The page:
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Friday, May 18, 2007

NBA Shooting Itself in the Foot

Reports are that no one is really watching the NBA playoffs, and the league seems to like it that way. It’s the only reason I can see that they decided to taint the best series they had going.

The “debate” over the suspensions handed down in the NBA this week is absurd. Anyone that doesn’t think commissioner David Stern absolutely screwed Phoenix in their playoff series against San Antonio needs to find a clue. Suspending Amare Stoudemire and Boris Diaw for a game after they came off the bench when Robert Horry body checked Steve Nash was as dumb as it gets. Stern and his supporters are simply dead wrong on every count.

Stern followed the letter of the law, and had no choice: Really? Tim Duncan wasn’t suspended when he came on the court after a teammate was under cut early in the playoffs. And if the letter of the law allows a sub to pick a fight and have his team benefit, which is exactly where happened, the law stinks. In fact, if the commissioner isn’t empowered or able to over rule such a “law” when it is clearly doing more harm than good, it’s time for a new commissioner.

The players all know the rule: Legislating human instinct doesn’t work. If you don’t get up to defend your teammate in this situation, you’re a jerk. Besides, neither player raised the level of the confrontation, and that is what the rule is intended to avoid.

Stern’s running what is really a business, not just a sport: Fine. As a CEO, you don’t take your best product in the most important time of the year and screw it up. The series may be over before I post, and if it is the only thing anyone will remember is that the Sun’s got jobbed. Stoudemire is a 20-point a game guy; at this point in his career, Horry averages 3 points a game. The Sun’s already lost one game because their trainer couldn’t stop Nash’s nose from bleeding. It can easily be argued they lost the last game because they were short-handed. None of that will pull in viewers any time soon.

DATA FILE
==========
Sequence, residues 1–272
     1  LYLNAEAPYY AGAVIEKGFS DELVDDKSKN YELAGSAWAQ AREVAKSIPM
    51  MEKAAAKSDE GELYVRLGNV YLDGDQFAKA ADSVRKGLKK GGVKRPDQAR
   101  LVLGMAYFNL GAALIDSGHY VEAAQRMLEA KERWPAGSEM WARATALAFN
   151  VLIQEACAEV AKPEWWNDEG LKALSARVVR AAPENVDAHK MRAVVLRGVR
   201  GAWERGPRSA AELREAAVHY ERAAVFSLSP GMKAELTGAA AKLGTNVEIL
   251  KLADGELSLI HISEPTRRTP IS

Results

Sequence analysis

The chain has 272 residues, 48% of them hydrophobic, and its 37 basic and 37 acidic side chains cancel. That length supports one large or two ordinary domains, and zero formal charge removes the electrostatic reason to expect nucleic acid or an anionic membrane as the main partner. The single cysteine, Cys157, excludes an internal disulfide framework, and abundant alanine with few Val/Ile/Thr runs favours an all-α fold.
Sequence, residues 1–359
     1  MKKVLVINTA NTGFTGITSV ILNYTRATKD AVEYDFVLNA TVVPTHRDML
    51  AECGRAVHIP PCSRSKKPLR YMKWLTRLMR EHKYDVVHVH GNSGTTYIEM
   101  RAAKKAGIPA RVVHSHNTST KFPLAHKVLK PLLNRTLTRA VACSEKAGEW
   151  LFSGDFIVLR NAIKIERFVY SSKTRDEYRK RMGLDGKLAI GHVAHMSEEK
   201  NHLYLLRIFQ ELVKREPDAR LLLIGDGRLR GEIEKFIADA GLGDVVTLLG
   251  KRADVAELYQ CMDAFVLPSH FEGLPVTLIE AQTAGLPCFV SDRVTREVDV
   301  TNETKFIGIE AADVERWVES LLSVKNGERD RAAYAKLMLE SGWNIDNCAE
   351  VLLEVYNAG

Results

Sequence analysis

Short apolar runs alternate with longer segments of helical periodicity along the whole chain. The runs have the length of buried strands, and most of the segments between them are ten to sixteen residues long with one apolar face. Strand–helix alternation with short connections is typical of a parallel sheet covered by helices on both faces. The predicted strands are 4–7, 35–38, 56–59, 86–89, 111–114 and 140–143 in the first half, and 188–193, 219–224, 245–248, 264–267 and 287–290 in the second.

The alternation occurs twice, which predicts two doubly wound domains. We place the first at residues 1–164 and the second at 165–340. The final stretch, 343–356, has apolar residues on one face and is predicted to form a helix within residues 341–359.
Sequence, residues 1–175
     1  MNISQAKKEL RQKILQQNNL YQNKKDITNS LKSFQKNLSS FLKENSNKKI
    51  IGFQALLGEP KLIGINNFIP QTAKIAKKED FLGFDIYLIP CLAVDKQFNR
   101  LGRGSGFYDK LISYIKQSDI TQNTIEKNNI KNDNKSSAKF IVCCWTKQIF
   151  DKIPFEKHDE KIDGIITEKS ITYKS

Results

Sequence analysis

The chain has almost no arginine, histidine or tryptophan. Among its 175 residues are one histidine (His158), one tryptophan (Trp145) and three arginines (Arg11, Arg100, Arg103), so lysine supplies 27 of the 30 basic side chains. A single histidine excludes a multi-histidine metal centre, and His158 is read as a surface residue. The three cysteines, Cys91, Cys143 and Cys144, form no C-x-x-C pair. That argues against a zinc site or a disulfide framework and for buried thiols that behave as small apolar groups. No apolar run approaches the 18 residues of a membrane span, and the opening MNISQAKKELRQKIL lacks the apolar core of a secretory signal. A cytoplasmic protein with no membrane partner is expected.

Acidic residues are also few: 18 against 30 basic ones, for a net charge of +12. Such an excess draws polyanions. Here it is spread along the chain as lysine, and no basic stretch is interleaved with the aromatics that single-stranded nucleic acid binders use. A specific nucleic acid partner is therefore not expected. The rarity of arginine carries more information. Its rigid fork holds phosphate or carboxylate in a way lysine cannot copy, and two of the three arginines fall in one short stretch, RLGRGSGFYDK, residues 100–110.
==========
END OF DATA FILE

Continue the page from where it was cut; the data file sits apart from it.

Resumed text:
Stu Jackson was dumb enough to say the ruling “wasn’t about fairness.” Why he still has a job is beyond me. If the owners had a clue, they’d send Stern out the door along with him.

Week-or-so-in-Review:
· I can’t read the Phillies at all. They’re pretty hot without Ryan Howard, yet still just don’t give fans reason to be confident. Despite beating up on Milwaukee, they seem to get their wins against the weaker teams despite themselves. They still don’t run the bases well, have a suspect bullpen, and get little timely hitting. That said, moving Brett Myers to the closer role looks like a great move, they throw more runners out from the outfield than I ever remember seeing, and their starting rotation has been pretty damn good lately. Overall, we’re probably being set-up for the same old same old, but I think you still just gotta watch.
· After not writing anything for almost two weeks, it occurs to me how much sports “news” is driven by the people who report it instead of those who play it. The New York Yankees sign Roger Clemens, and because everybody in the media wants to comment on the Yankees endless chatter over Clemens’ arrangement with the Bronx Bombers. Apparently, no one has noticed the Yanks stink. Besides that, of course this is bad for baseball. It’s just another level of obnoxiousness for already unbearable players to seek.

1 comment:

GM-Carson said...

screw the NBA...NFL and MLB are all that matter.